The “New Natural Law” Theory (NNL) of Germain Grisez, John Finnis, Joseph Boyle, and their collaborators offers a distinctive account of intentional action, which underlies a moral theory that aims to justify many aspects of traditional morality and Catholic doctrine. -/- In fact, we show that the NNL is committed to premises that entail the permissibility of many actions that are irreconcilable with traditional morality and Catholic doctrine, such as elective abortions. These consequences follow principally from two aspects of (...)
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  14. Brandt Dainow (2013). What Can a Medieval Friar Teach Us About the Internet? Deriving Criteria of Justice for Cyberlaw From Thomist Natural Law Theory. Philosophy and Technology 26 (4):459-476.score: 676.8
    This paper applies a very traditional position within Natural Law Theory to Cyberspace. I shall first justify a Natural Law approach to Cyberspace by exploring the difficulties raised by the Internet to traditional principles of jurisprudence and the difficulties this presents for a Positive Law Theory account of legislation of Cyberspace. This will focus on issues relating to geography. I shall then explicate the paradigm of Natural Law accounts, the Treatise on Law, by Thomas Aquinas. From this (...)
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  15. Marek Piechowiak (2013). Tomasza Z Akwinu Koncepcja Prawa Naturalnego. Czy Akwinata Jest Myślicielem Liberalnym? [Thomas Aquinas’s Conception of Natural Law: Is Aquinas a Liberal Thinker?]. Przegląd Tomistyczny 19:301-337.score: 676.8
    This article seeks to justify the claim that Thomas Aquinas proposed a concept of natural law which is immune to the argument against the recognition of an objective grounding of the good formulated by a well-known representative of the liberal tradition, Isaiah Berlin, in his famous essay “Two Concepts of Freedom.” I argue that Aquinas’s concept of freedom takes into account the very same values and goals that Berlin set out to defend when he composed his critique of (...) law. In particular, the article suggests that Aquinas recognizes freedom as a greater perfection of man than rationality, and that this freedom is realized, among other things, through the co-construction of the good that gives a goal and a shape to human action and to the whole of a person’s life. I argue that the co-construction of such a good involves the co-construction of natural law in the strict sense of the term. Indeed, the content of natural law can be understood as a set of goods which are goals that inform human action. From a human perspective, natural law is not a pre-existing recipe which has merely to be “read.” Defining the concrete content of natural law is an ongoing process. The process of defining natural law’s content takes humanly knowable, objective elements into account, and so draws on knowledge. Yet free choice also plays an important part in this process. When speaking of the process of defining the content of natural law, therefore, and in determining what here-and-now is to be done, it is reasonable to describe man as a creator of the natural law, or as a legislator, just as the members of a parliament are the creators of civil law — bearing in mind that only a just law is truly law and therefore the creation of both civil and natural law reaches only as far is the scope of just actions directed by these laws. From the perspective of human action, we may speak of each person’s free choice to establish a given good as the end of a specific act, and in so doing to declare that action proper under natural law in the strict sense of the term (which differs from the rules of natural law). An appreciation of what is particular and individual (particulare et individuum), and an appreciation of free choice that goes hand-in-hand with this, is deeply embedded in Thomas’s system of thought. Particularity and individuality has its basis in an especially excellent way of human existence. (shrink)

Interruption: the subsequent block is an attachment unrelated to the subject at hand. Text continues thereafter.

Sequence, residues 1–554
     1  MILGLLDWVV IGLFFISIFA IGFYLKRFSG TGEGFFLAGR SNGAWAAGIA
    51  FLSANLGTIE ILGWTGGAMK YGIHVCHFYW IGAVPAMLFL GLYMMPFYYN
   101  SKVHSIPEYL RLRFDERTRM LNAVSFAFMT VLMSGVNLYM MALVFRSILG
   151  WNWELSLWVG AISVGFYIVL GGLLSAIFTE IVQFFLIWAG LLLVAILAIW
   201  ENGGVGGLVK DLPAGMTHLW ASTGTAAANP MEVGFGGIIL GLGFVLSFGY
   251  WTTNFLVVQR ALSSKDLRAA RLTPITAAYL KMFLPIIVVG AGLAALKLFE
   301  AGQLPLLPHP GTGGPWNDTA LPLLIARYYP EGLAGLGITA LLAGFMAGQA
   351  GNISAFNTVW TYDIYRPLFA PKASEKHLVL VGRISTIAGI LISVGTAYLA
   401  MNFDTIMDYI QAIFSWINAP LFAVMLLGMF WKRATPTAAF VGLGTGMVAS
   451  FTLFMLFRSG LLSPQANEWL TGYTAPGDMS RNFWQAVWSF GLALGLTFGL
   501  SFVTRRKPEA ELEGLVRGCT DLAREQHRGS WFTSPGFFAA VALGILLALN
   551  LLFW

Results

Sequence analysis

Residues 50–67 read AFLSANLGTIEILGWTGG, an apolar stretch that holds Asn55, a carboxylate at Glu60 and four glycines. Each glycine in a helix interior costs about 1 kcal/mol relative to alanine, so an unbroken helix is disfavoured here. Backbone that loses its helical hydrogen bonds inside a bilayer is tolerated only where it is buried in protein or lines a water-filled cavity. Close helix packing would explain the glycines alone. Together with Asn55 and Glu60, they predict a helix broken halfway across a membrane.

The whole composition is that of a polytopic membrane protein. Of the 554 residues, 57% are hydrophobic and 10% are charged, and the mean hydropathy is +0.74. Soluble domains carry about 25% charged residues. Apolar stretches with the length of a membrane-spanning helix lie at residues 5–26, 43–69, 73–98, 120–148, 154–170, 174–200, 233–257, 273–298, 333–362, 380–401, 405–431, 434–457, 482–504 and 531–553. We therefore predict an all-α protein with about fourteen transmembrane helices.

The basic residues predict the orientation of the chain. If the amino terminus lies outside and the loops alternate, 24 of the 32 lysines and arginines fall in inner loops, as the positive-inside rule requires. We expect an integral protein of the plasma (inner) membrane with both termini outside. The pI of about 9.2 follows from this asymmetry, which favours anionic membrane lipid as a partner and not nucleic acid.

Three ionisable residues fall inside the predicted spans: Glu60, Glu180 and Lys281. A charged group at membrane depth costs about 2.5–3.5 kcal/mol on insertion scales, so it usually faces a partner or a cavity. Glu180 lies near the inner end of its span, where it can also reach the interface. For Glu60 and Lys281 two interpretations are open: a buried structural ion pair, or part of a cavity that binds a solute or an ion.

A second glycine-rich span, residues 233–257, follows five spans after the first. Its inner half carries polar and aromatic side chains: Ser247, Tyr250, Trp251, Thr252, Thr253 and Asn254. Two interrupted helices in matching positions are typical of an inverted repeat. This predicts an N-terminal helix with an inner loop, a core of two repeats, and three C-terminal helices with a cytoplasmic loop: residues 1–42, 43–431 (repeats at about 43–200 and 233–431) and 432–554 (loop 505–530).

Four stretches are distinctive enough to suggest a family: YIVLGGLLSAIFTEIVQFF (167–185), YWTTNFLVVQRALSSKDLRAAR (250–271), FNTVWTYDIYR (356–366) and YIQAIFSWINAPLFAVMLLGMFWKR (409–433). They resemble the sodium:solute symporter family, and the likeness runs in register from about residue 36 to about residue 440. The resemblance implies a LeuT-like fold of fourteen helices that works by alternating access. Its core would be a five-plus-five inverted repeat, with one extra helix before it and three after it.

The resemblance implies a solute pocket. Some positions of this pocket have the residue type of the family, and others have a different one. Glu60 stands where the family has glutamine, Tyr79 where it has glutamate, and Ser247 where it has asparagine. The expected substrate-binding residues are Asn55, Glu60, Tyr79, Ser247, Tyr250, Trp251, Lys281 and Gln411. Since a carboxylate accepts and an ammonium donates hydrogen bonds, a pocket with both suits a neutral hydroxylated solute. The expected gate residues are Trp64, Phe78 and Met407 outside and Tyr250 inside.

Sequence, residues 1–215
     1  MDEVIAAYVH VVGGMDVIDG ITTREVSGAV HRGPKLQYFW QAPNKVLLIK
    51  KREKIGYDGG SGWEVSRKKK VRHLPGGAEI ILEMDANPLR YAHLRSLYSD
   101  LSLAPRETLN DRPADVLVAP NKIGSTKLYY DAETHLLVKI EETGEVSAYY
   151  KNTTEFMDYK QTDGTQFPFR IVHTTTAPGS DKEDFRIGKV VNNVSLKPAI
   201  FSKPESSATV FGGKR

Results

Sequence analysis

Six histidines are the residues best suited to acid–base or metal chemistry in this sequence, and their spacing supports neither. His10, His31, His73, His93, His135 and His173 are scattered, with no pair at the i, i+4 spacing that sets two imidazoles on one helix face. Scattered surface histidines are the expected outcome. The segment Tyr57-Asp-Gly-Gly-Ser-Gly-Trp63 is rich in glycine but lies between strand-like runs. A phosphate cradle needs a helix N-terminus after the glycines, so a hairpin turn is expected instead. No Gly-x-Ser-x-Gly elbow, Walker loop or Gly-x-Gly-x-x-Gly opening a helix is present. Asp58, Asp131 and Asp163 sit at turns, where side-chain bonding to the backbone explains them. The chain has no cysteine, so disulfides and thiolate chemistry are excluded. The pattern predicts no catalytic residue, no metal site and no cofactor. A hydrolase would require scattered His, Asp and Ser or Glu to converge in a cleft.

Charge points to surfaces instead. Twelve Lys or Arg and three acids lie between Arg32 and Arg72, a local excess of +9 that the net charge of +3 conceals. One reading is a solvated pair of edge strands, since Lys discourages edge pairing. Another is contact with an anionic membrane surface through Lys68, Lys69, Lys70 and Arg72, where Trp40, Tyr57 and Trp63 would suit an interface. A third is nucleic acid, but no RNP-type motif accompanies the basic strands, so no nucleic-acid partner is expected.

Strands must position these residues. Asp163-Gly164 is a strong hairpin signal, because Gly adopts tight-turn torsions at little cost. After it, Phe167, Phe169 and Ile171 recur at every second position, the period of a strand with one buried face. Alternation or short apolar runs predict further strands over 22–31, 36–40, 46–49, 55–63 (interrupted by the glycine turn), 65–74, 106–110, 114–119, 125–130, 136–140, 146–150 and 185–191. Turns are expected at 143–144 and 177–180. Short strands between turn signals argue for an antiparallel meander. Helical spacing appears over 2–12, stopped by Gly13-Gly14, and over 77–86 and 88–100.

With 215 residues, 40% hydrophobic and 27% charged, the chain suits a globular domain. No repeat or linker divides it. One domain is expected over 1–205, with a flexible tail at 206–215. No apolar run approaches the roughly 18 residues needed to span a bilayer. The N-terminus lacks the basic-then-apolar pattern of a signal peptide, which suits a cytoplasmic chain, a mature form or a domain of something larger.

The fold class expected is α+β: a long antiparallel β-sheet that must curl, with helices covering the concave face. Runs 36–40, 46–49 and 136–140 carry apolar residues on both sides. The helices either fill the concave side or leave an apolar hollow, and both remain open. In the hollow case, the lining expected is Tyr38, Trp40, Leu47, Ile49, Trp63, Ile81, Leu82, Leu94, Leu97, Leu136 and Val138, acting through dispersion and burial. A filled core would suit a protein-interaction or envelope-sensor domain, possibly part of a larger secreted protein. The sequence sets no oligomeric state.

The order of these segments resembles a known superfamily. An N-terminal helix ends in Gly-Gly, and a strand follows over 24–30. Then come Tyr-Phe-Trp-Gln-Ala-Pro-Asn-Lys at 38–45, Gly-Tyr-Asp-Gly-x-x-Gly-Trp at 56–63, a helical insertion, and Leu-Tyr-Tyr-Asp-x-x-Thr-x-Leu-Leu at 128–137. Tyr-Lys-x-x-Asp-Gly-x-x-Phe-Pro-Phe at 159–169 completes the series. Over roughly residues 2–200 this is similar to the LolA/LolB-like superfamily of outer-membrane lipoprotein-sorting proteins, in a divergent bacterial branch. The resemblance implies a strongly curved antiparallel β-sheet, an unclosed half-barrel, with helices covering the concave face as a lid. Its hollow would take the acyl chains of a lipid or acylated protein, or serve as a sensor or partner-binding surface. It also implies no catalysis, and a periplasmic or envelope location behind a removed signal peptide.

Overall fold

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  16. Robert B. Kruschwitz (2004). Natural Law and the Free Church Tradition. In. In Mark J. Cherry (ed.), Natural Law and the Possibility of a Global Ethics. Kluwer Academic Publishers. 149--162.score: 676.8
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  17. David Saunders & Ian Hunter (2003). Bringing the State to England: Andrew Tooke's Translation of Samuel Pufendorf's 'De Officio Hominis Et Civis'. History of Political Thought 24 (2):218-234.score: 674.4
    Andrew Tooke's 1691 English translation of Samuel Pufendorf's De officio hominis et civis, published as The Whole Duty of Man According to the Law of Nature, brought Pufendorf's manual fo statist natural law into English politics at a moment of temporary equilibrium in the unfinished contest between Crown and Parliament for the rights and powers of sovereignty. Drawing on the authors' re-edition of The Whole Duty of Man, this article describes and analyses a telling instance of how--by translation--the core (...)